By Geoffrey Smith / Fortune
October 1, 2015

It may not be just cars that have been cheating official regulations on energy consumption.

According to a report in The Guardian Thursday, independent lab tests have found that some TVs in Europe appear to use less energy during official testing conditions than they do during real-world use.

That raises questions about whether they, too, are set up to game energy efficiency tests. The energy efficiency of TVs has become increasingly important as more people are watching more, and bigger, screens for longer now than at any time in the past. TVs now account for up to 10% of household electricity use, according to the NGO coolproducts.

The Guardian’s report focused on Samsung Electronics’ Co., whose models were found to consistently consume more power in real-world conditions than during lab testing, due largely to a feature known as “motion lighting”. The feature reduces screen brightness in response to various types of content, including fast-action movies and sports.

Samsung denied that the feature constituted a kind of ‘defeat device’ similar to the software installed in Volkswagen AG’s diesel engines. The Guardian quoted it as saying that: “This is not a setting that only activates during compliance testing. On the contrary, it is an ‘out of the box’ setting, which reduces power whenever video motion is detected.”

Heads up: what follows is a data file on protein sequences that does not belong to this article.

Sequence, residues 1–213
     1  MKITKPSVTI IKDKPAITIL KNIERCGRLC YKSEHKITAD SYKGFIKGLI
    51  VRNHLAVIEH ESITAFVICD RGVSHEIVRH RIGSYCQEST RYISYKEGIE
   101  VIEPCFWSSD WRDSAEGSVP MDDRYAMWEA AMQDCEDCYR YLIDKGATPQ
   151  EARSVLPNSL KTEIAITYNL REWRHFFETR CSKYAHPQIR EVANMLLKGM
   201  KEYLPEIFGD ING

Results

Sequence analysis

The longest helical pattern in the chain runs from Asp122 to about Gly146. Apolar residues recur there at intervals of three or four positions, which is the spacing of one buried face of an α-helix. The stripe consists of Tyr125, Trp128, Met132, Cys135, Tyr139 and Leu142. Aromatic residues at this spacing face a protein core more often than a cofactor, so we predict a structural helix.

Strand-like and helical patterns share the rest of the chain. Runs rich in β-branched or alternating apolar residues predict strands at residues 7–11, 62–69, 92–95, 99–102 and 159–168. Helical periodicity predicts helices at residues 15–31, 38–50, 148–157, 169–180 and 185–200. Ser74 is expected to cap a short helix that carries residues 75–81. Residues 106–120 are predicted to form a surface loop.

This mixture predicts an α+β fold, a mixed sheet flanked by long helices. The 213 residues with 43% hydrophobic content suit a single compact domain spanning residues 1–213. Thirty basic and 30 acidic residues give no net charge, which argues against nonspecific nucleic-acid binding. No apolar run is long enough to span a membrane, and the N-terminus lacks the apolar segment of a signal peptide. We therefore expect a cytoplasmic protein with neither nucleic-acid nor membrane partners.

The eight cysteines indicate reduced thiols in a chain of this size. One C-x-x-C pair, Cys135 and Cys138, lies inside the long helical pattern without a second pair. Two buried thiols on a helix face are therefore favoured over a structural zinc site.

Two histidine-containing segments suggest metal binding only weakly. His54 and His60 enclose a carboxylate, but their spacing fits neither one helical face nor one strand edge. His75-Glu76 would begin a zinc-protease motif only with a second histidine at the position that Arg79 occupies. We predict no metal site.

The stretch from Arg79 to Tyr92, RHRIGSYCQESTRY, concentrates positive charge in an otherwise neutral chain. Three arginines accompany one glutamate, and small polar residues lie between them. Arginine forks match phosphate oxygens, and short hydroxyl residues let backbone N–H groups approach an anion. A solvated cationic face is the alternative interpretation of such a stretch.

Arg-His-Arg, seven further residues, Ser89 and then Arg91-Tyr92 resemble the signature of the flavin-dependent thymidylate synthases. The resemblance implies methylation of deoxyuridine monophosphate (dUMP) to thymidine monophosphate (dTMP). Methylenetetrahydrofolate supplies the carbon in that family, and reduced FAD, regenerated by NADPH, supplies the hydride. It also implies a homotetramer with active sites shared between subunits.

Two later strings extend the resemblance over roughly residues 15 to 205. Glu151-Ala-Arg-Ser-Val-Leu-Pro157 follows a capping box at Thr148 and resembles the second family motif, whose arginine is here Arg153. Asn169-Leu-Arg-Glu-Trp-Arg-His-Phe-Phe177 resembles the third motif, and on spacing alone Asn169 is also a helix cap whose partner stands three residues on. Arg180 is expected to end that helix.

However, the paper noted that certain national watchdogs, such as Sweden’s, have already complained to the European Commission that the system is being gamed.

“The Swedish Energy Agency’s Testlab has come across televisions that clearly recognise the standard film used for testing,” it quoted a letter from the SEA as saying. “These displays immediately lower their energy use by adjusting the brightness of the display when the standard film is being run. This is a way of avoiding the market surveillance authorities and should be addressed by the commission.”

There is no suggestion that Samsung or any other TV manufacturer has acted illegally. Nor is there any direct implication for public health comparable to the problems of excess emission of nitrogen oxides from diesel engines.

This article originally appeared on Fortune.com

Contact us at editors@time.com.

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